Also, at the beginning of the winter, electricity was looking real good- but Niagara Mohawk was taken over by National Grid. The 'price per KWh' reported on the bill has gone down each month-- but the 'delivery costs' and assorted fees has gone up more than enough to make up for it. So now, electricity with a *real cost* of about 11cents last fall is now 16.

I had a company *give* me a domestic water heater provided I bought from them for 2 yrs. When they let me run out of propane twice, I called another supplier & found out I was paying *way* too much from the old supplier. [that was several years ago & though the original guys came and got their tank, they still haven't asked for their heater back.]
Jim
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I hear ads running all the time from the oil heat companies, claiming that it has been the most cost effective over the last decade compared to gas. That may have changed now that oil has spiked up, but gas has gone way up too. A web search should be able to turn up some historical cost data for both. I'd also ask neighbors what their experience has been.
My gut feel is there is not enough operating cost advantage or certainty in this to switch from one to the other. If you have an old inefficient boiler, then replacing it might make sense, but you have to do the math to see the payback.
As for the on demand electric hot water heater, forget it. Someone earlier said that they are frequently undersized because manufacturers don't make it clear how large of a unit they need. And someone else pointed out why. To support a decent flow rate or multiple simultaneous uses would require the entire electric service capacity of most homes. Figure out how much it cost to upgrade and you can forget it for general use. They can make sense for special apps.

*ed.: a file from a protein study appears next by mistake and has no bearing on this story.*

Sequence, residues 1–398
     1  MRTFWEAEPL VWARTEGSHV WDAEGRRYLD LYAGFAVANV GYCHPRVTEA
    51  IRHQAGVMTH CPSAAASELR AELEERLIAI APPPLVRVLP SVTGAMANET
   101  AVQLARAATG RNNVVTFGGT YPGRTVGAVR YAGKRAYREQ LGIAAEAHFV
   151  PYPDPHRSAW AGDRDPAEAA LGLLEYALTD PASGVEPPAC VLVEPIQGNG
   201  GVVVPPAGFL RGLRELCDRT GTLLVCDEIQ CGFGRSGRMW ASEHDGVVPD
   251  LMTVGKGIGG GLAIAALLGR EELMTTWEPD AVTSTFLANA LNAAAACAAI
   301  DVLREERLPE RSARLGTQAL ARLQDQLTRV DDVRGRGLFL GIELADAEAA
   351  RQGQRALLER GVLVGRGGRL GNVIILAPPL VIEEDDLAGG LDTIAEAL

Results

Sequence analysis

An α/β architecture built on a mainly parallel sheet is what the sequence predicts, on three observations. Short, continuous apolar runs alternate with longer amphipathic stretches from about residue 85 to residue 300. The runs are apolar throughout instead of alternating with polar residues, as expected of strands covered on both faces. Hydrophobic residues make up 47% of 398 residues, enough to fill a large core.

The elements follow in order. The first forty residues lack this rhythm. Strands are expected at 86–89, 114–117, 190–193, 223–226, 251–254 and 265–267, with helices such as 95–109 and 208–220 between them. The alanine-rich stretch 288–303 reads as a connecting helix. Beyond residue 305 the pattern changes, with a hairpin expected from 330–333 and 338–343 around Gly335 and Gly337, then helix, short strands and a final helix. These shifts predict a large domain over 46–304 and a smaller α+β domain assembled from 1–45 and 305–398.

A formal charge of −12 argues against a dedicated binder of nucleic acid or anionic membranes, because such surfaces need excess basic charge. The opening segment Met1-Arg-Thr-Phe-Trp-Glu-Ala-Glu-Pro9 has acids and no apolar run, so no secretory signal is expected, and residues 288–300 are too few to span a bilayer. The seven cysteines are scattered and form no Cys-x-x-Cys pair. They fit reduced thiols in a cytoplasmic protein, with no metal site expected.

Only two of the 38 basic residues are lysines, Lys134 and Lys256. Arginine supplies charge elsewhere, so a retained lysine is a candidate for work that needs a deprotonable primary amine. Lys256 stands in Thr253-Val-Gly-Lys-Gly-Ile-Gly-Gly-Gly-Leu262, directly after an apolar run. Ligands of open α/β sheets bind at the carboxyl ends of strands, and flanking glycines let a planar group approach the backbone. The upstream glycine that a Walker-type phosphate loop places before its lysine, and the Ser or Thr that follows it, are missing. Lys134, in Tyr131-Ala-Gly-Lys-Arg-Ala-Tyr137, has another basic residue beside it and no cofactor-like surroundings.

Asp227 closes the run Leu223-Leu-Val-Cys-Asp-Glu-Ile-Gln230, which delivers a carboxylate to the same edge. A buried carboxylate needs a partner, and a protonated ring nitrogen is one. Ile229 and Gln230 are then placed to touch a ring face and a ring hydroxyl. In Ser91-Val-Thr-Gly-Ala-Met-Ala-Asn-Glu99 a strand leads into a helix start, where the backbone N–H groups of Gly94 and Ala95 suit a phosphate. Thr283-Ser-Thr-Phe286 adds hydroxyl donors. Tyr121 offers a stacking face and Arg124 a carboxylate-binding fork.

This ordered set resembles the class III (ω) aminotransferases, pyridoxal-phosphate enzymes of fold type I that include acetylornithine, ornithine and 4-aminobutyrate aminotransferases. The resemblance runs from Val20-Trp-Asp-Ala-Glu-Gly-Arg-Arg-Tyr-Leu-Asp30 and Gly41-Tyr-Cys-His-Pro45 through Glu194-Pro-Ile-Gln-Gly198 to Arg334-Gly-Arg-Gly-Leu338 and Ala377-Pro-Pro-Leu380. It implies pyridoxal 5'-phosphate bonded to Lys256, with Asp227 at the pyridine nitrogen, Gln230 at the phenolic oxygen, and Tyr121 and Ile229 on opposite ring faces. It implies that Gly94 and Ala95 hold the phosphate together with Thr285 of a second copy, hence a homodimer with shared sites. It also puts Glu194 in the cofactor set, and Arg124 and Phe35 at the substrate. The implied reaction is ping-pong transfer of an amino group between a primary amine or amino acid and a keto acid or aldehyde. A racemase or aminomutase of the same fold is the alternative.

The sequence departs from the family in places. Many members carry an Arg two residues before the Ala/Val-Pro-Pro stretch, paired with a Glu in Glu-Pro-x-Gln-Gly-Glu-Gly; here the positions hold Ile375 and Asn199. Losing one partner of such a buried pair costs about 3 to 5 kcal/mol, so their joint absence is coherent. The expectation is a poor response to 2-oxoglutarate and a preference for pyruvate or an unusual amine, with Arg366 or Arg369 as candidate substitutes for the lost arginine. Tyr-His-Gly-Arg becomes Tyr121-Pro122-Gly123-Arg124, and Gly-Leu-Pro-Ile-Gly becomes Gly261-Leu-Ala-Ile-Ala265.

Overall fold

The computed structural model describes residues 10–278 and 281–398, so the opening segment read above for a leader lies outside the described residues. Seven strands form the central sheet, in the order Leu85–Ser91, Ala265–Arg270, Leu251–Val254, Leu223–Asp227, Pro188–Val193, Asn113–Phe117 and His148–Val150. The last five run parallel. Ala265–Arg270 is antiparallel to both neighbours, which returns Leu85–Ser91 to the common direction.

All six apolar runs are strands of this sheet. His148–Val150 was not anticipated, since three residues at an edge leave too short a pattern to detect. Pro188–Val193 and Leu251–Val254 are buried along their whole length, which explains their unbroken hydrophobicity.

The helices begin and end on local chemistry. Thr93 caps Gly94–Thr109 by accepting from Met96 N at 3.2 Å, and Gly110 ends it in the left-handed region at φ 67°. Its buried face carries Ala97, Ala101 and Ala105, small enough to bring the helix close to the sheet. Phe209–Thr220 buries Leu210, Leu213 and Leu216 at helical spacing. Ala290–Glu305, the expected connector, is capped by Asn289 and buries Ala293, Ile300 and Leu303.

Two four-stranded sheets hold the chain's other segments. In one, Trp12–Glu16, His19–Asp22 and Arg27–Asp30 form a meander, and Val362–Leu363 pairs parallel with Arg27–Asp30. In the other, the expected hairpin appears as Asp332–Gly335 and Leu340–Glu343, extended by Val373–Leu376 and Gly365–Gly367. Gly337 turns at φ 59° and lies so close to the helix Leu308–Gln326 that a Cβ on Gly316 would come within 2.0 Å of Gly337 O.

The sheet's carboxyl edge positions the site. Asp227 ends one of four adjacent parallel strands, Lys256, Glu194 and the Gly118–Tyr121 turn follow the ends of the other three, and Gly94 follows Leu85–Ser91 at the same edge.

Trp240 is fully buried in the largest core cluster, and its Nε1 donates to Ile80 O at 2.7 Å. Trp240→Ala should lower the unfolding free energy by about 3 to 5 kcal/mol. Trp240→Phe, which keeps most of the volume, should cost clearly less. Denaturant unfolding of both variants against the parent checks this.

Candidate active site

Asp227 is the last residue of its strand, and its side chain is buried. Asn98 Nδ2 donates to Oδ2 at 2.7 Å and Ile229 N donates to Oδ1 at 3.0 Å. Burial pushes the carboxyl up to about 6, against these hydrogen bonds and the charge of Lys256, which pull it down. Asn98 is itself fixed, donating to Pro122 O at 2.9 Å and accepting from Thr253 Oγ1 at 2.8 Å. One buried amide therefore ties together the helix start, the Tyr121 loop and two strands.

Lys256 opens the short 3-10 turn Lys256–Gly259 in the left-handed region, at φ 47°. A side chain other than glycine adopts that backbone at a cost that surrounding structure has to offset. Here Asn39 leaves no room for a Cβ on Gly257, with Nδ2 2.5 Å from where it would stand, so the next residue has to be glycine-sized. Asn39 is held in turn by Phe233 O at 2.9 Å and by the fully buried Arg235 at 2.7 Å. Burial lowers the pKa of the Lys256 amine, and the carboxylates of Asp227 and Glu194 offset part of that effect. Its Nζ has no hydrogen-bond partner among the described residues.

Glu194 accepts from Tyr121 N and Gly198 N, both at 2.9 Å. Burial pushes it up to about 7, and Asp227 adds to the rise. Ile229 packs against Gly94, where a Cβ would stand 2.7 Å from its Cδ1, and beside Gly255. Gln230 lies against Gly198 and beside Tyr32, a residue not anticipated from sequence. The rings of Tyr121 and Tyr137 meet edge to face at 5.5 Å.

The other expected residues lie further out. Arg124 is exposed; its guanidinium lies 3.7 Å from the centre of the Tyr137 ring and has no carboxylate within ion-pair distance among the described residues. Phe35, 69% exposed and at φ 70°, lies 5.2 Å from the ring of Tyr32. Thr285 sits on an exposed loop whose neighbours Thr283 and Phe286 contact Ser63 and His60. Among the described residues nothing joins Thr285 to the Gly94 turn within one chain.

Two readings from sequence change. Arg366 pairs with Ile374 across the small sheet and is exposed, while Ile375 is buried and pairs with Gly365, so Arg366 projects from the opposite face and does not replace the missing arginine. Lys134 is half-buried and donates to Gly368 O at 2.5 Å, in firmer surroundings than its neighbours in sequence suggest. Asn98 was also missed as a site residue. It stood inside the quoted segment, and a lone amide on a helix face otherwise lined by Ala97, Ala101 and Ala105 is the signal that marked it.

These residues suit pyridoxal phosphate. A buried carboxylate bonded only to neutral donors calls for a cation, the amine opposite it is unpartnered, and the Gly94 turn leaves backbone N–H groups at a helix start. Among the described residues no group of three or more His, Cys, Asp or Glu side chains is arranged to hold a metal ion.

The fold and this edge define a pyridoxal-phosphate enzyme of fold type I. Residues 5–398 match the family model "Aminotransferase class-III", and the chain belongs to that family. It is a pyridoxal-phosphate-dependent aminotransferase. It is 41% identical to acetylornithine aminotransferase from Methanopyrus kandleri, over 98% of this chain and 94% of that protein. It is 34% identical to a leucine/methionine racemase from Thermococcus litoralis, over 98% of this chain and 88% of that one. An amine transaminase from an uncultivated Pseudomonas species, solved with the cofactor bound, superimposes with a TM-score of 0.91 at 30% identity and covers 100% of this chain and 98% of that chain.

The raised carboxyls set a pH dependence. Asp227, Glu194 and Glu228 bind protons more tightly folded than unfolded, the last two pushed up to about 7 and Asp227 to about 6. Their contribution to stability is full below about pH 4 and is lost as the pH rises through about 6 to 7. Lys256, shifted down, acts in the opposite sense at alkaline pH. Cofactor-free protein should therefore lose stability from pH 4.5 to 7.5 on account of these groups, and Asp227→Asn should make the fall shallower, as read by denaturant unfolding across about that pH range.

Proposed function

If you like gas to cook, one possiblity would be to go with it for that. And you might want to consider gas for hot water. Not sure of the efficiencies of using a boiler for hot water vs a std gas water heater, but the water heater might win, especially in months when the boiler would not otherwise be used. Or you could also go with an on demand gas water heater.
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You cannot justify the cost of upgrading your service just for a point-of-use water heater. You need to find other reasons. When I upgraded to 200A many years ago it was for a heat pump with natural gas suppliment. In this tread someone mentioned a geothermal unit. You might be a candidate since you have some land. The capital cost is high but operating is cheap. You probably should still consider a backup heat source though.
I had a look at my electric bill. It says generation charges at .03835 per KWH. With the rest of the charges which are a combination of fixed and variable brings the rate to about .07.
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I have no idea of the size of your house, but a $650 electric HW heater does not strike me as being large enough unless you are paying wholesale.
I like propane for spot uses, but it costs more than both electricity and NG to heat a house. My preference is oil.
Dick
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On Sat, 13 May 2006 12:53:23 GMT, "FrankO"

If you go electric, and have variable rates, then you're better off with a storage tank than an on-demand heater, because you gain more in off-peak energy costs than you loose to cooling in the tank.
Esp. if the tank is inside the heated building envelope.